My earliest work as a researcher – in and around my dissertation – centered on gender and other dimensions of power in language and literacy. While I no longer focus specifically on gender, ways of thinking about gender – as a socially constructed category that both shapes and is shaped by everyday cultural practices (including literacy) – has continued to influence my thinking, and I consider how practices are always shaped by (and shaping of) culturally constructed ideas about race, class and other categories as well. These influences may be evident in my most recent work: Immigrant Children in Transcultural Spaces: Language, Learning and Love.
Below are much earlier publications that provide the foundation for this work.
Barrie Thorne, Marjorie Faulstich Orellana, Wan Shun Eva Lam and Anna Chee. (2003). Raising Children – and Growing Up – in Transnational Contexts: Comparative Perspectives on Generation and Gender. In Hondagneu-Sotelo, Pierrette (Ed.) Gender and U.S. Immigration: Contemporary Trends. (pp. 241-262). Berkeley, CA: University of California Press.
Marjorie Faulstich Orellana. (1999). Good Guys, ‘Bad’ Girls: Identity Construction by Latina and Latino Student Writers. In Mary Bucholtz, A.C. Liang, and Laurel Sutton (Eds.) Reinventing Identities: Social Categories in Language and Gender Research. (pp. 582-592). Oxford University Press. (Earlier version appears as “Good Guys, ‘Bad’ Girls: Gendered Identity Construction in a Writing Workshop.” Resources in Education. Washington, D.C.: ERIC Clearinghouse on Teaching and Teacher Education, April, 1995.)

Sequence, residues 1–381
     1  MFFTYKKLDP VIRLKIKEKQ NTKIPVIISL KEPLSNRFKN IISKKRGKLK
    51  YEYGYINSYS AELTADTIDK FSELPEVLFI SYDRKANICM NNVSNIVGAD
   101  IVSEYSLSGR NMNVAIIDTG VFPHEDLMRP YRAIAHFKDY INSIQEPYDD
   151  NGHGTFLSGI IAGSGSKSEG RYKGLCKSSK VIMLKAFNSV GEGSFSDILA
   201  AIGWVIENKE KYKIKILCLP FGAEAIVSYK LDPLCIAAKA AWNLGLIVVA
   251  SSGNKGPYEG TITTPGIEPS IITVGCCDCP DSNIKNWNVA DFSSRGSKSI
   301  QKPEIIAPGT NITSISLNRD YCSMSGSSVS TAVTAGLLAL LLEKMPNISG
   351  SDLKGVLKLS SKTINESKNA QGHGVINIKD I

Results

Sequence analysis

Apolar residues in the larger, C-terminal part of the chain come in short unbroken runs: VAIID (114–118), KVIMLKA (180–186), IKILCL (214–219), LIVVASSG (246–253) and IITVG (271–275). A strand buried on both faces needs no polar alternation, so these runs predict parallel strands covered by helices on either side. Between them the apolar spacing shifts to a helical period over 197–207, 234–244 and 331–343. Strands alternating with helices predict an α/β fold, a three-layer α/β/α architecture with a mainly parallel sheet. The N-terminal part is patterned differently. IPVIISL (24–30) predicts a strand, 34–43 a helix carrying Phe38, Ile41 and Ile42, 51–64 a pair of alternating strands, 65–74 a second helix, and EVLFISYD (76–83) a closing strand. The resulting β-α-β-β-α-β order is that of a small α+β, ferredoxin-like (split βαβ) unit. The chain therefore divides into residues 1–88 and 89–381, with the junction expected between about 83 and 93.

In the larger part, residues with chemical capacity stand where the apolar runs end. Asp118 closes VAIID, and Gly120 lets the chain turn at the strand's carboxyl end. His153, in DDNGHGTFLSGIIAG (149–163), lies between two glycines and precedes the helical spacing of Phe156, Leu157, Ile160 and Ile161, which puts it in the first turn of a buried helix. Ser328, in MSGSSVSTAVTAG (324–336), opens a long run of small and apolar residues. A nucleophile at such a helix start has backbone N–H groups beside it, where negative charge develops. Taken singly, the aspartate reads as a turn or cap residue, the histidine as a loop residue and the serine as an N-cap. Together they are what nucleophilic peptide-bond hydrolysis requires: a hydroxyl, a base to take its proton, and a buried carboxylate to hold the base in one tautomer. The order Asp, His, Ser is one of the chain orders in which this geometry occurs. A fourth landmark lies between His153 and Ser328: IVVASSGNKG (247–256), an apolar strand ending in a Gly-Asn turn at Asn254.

Additional materials related to this work can be found at the Reinventing Identities website: http://www-english.tamu.edu/pers/fac/bucholtz/oslg/re-id/ch_03.html.
Marjorie Faulstich Orellana. (1999). Language, Play, and Identity Formation: Framing the Issues. In Barbara Kamler (Ed.) Constructing Gender and Difference: Critical Research Perspectives on Early Childhood. (pp. 97-118). Cresskill, NJ: Hampton Press.
Marjorie Faulstich Orellana. (1996). Negotiating power through language in classroom meetings. Linguistics and Education, 8, 334-365. (Earlier version appears as “Negotiating power: Critical literacy practices in a bilingual classroom” in Resources in Education. Washington, D.C.: ERIC Clearinghouse on Language and Linguistics.)
Michelle Commeyras, Marjorie Faulstich Orellana, Bruce Bertram, and Lori Neilsen. (1996). Why feminist theory and literacy research?: Four responses. Reading Research Quarterly, 31 (4): 458-468.
Marjorie Faulstich Orellana. (1995). Texts, talk, tasks, and take-up: Literacy as a gendered social practice in two bilingual classrooms, Reading Research Quarterly, 30 (4): 674-708.
Marjorie Faulstich Orellana. (1995). “Saliéndose con la suya: Literacy, gender and choice in a bilingual classroom.” In Mary Bucholtz, A.C. Liang, Laurel Sutton, & Caitlin Hines. Cultural Performances: Proceedings of the Berkeley Women and Language Conference. Berkeley, CA: Berkeley Women and Language Group.